In the sixteenth century, John Dowland (1562 -1626) had the status of the famous contemporary musician with his international career. Even in this time, his songs are rediscovered by pop musicians.
Dowland held a position with the English ambassador in Paris, was invited at the royal courts in Wolfenbüttel and Cassel. He travelled through Italy, served as a lutenist at the court of Christian IV of Denmark and finally took a position as a lutenist at the English court. The universities of Oxford and Cambridge granted him bachelorship in music.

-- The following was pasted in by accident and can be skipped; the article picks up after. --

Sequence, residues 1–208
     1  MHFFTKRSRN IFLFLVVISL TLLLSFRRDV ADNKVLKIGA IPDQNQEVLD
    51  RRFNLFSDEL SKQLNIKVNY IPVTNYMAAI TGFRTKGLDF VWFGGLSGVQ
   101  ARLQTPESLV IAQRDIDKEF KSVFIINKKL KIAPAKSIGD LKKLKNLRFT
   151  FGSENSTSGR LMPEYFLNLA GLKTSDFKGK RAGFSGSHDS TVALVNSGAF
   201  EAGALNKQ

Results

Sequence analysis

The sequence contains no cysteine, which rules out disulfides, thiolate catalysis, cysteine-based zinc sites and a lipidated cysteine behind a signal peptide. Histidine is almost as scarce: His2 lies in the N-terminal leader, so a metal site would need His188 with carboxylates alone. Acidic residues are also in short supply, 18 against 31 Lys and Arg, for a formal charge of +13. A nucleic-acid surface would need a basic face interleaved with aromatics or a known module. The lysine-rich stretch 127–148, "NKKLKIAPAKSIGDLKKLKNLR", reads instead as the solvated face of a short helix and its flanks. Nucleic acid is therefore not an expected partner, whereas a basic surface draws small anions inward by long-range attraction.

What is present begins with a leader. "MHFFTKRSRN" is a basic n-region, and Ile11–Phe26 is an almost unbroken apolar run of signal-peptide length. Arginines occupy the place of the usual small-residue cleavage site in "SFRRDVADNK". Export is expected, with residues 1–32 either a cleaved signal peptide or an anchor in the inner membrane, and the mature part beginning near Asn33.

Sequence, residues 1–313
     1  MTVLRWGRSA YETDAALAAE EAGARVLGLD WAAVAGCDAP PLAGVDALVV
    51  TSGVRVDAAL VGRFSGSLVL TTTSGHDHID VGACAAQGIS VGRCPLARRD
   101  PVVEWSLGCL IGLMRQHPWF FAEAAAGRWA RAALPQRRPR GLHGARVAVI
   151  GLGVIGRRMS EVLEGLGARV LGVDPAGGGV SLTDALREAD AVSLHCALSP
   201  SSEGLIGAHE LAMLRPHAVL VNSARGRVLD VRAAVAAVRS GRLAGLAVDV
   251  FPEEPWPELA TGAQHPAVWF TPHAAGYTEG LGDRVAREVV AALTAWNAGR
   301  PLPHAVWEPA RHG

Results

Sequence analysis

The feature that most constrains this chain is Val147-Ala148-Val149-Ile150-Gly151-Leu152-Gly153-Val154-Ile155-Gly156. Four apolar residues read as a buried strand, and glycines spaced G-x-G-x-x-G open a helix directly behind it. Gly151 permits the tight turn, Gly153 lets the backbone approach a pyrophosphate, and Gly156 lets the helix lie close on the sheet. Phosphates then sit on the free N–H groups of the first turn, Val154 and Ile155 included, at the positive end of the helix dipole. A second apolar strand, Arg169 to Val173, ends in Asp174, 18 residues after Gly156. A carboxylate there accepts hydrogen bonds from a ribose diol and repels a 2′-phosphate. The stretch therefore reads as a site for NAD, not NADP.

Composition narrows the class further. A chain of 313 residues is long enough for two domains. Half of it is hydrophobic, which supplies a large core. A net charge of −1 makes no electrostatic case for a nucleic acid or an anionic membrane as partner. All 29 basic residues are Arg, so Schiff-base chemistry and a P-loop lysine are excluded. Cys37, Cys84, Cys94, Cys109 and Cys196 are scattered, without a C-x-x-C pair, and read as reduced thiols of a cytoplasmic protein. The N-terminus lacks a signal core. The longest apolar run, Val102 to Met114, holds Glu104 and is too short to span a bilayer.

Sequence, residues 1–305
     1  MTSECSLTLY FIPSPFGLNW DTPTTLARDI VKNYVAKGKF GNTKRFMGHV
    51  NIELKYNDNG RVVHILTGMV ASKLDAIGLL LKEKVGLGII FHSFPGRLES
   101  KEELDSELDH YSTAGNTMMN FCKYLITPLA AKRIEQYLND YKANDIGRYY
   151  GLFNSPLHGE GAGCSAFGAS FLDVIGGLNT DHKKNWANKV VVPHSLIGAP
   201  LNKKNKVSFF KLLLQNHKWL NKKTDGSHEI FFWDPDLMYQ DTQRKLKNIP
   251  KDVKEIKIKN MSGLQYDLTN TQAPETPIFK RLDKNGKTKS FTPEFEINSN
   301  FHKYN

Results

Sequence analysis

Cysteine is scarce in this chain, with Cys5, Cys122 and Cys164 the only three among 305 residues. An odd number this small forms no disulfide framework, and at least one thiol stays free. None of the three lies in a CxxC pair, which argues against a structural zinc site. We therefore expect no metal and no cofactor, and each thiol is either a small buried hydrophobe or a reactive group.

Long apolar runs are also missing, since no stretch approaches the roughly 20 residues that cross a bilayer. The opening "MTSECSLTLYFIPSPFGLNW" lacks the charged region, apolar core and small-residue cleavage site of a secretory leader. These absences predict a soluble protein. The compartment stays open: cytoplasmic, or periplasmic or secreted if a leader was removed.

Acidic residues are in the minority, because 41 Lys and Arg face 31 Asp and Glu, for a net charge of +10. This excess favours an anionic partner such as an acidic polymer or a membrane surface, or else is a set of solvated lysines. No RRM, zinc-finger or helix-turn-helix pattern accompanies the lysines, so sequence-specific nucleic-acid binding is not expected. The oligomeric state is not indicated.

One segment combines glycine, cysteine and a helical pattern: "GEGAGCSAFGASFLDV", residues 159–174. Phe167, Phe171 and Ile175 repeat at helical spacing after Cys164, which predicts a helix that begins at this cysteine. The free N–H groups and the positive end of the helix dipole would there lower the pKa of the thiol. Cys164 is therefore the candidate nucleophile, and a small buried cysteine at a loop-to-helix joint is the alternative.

Although Dowland composed lots of lute pieces, he is better known for his songs. Many of these songs or “ayres” have two versions. One for solo voice and lute and one for a four-voice ensemble, where the first voice has the melody and the remaining voices provide the harmonies of the lute accompaniment.
His greatest song compositions are characterised by a lute part that is often more than an accompaniment. It is possible to perform these pieces as a lute solo.
Dowlands music was steeped in Elizabethan melancholy. Titles like Sorrow sorrow stay, In darkness let me dwell and Flow my teares clearly show this. The same applies to lute pieces like Semper Dowland semper dolens (Always Dowland, always sad), Lachrymae or seven teares (a collection of seven pavanes) and the Melancholy Galliard.